Storing Your Harvested Vegetables

Although you may use much of your harvested fruits and vegetables over the upcoming Thanksgiving weekend, us avid growers are bound to have leftovers. It is therefore important to consider the different storage needs of your fruits and vegetables. 

To successfully store your harvest you must consider the different temperature and humidity requirements of each fruit and vegetable. Luckily for us, there are only four basic temperature and humidity groups to consider. 

Group 1: Cold and Moist

Pack your beets, carrots, turnips, radishes, and rutabagas in a cold area such as an unfinished basement or garage at a temperature between 0 and 4 °C. To ensure that your vegetables stay moist, wrap them in sand, newspaper or peat moss and continually spray with water. 

Group 2: Cold and Dry 

Consider storing apples, pears, cabbage, brussels sprouts, and potatoes in the same location as Group 1 but package them in such a way that ensures more air circulation and therefore drier conditions. Your potatoes need to be stored in complete darkness, while your apples and pears need to be wrapped individually in dry newspaper. 

Group 3: Cool and Dry 

Your onions, garlic, and shallots will keep best in a dry, unheated spare room or closet with a temperature ranging from 0 to 10 °C. You should dry and cure these products for two to four weeks before storing them in braided mesh bags or alternatively in shallow boxes and baskets that are no more than two layers deep.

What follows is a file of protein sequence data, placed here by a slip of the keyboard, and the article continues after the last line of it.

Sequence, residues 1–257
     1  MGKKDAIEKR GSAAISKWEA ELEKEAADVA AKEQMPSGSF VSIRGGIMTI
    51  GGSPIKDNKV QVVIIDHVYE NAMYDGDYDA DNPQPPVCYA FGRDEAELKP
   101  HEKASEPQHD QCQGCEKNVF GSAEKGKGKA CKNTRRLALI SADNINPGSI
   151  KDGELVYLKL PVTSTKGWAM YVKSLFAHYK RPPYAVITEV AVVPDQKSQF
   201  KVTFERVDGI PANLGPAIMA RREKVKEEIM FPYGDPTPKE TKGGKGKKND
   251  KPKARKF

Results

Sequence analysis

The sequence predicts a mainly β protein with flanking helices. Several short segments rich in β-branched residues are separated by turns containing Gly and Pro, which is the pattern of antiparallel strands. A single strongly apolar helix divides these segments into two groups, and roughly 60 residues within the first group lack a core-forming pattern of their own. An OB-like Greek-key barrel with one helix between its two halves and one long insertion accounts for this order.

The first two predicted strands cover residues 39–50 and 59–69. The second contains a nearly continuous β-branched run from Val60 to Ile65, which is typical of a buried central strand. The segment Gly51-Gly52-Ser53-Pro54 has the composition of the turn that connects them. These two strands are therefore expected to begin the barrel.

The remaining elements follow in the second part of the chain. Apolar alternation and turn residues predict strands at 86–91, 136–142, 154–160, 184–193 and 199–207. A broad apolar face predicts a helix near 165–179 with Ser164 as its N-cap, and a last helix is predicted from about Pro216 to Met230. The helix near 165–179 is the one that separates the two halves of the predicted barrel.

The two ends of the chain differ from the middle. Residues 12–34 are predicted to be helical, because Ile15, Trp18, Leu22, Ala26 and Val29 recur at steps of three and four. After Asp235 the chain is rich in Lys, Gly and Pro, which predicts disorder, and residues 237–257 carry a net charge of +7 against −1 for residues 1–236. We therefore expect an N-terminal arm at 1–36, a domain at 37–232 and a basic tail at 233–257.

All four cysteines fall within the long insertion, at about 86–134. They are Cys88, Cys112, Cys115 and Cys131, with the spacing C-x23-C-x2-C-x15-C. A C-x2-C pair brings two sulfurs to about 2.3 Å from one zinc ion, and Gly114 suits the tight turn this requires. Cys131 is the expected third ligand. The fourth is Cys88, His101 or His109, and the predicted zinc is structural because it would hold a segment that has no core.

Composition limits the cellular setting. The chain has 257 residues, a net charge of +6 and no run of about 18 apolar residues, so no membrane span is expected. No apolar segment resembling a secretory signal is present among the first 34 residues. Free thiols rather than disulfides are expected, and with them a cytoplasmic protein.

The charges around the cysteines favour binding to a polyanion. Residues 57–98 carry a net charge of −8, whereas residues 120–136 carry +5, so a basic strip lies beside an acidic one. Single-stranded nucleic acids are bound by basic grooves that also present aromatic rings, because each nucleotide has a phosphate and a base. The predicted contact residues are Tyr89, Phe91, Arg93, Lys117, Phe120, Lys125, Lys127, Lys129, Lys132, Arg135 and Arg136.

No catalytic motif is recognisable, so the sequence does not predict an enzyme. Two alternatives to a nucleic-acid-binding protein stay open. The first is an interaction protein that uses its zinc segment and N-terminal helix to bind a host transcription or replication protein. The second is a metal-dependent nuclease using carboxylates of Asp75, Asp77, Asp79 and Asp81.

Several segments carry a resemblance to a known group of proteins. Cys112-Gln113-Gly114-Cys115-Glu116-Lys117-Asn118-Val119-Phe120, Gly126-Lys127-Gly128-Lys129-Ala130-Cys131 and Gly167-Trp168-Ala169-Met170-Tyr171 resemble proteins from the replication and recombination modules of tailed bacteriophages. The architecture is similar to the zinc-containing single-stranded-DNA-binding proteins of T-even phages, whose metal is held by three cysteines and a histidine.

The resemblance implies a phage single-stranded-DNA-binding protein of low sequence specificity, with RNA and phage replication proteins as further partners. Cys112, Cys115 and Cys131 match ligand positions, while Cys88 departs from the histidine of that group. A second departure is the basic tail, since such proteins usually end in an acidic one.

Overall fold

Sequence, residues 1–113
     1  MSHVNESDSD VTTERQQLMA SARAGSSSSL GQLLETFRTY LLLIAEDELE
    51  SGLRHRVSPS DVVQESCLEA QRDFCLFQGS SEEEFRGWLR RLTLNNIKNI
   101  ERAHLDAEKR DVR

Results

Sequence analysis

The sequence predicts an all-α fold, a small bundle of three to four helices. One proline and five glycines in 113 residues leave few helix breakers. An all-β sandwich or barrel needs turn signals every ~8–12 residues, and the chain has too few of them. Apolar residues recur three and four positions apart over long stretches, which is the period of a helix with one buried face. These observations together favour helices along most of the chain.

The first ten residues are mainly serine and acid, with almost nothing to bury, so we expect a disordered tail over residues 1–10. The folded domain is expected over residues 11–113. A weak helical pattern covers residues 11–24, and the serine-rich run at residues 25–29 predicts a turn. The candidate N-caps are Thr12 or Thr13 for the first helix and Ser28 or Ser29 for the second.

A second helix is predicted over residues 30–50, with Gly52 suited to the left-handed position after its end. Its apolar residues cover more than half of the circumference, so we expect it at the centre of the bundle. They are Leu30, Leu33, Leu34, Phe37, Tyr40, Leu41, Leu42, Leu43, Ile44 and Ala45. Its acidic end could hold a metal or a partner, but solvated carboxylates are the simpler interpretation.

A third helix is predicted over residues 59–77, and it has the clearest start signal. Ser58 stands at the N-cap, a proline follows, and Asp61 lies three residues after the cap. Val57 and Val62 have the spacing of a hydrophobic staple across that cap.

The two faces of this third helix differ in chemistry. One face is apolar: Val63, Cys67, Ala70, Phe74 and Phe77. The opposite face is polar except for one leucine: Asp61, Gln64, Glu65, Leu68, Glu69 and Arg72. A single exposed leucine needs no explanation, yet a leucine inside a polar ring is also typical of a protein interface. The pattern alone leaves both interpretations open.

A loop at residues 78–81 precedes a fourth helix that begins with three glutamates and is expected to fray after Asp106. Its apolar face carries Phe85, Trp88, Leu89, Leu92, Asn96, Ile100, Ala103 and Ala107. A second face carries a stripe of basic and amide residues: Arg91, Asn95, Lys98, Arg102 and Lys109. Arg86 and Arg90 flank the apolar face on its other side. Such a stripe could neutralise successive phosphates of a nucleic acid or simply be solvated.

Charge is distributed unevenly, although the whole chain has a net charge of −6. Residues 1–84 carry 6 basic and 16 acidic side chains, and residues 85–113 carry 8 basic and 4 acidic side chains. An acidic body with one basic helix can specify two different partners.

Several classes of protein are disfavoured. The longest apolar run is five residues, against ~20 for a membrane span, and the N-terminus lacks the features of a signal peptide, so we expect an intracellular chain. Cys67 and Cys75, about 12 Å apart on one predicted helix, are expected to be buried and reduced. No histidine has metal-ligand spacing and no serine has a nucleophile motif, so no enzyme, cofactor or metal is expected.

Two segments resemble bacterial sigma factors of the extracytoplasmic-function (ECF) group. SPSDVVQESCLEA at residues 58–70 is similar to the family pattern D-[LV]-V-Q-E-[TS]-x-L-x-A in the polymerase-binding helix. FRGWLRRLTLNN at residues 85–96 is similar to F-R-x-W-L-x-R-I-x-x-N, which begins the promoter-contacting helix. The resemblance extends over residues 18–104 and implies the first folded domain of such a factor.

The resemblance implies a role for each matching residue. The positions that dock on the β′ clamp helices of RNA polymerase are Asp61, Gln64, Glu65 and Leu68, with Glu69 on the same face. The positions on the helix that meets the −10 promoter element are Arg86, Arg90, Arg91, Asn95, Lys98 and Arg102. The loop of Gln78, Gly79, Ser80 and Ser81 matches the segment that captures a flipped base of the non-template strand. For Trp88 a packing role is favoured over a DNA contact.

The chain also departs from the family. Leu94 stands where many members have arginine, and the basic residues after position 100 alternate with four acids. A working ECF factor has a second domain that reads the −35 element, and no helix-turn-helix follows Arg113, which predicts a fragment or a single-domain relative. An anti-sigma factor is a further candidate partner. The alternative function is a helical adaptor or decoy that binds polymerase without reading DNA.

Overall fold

Group 4: Slightly Warmer and Dry

Surprisingly, sweet potatoes, pumpkins, and winter squash need slightly warmer conditions, around 10 to 15 °C, in order to keep their texture. Make sure you don’t stack too many of these products on top of each other as doing so will lead to poor circulation and a shorter shelf life. Your sweet potatoes will also need to be cured at a high temperature (between 26°–32°C) for 5 to 10 days before storing and must be stored at a temperature of 10°C.

Check out this simple storing chart along with harvesting tips to get the most out of your harvested fruits and vegetables this winter! 

Vegetable

Shelf Life

How to Store

Harvest tips

Apples

1-2 Months

Cold and moist

Beet

5 Months Cold and moist

Store without tops

Carrot

8 Months Cold and moist

Store without tops

Cabbage

5 Months

Cold and moist

Kohlrabi

2 Months Cold and moist

Store without tops

Onion

4 Months Cool and dry

Cure before storage 2-4 week

Parsnip

4 Months Cold and moist

Harvest after frost

Potato

6 Months Dark cool and moist

Harvest after vines die back

Radish

1 Month

Cold and moist

Rutabaga

4 Months

Cold and moist

Winter Squash

4-6 Months Cold and moist Harvest when the shells are hard and before a frost

Turnip

4 Months

Cold and moist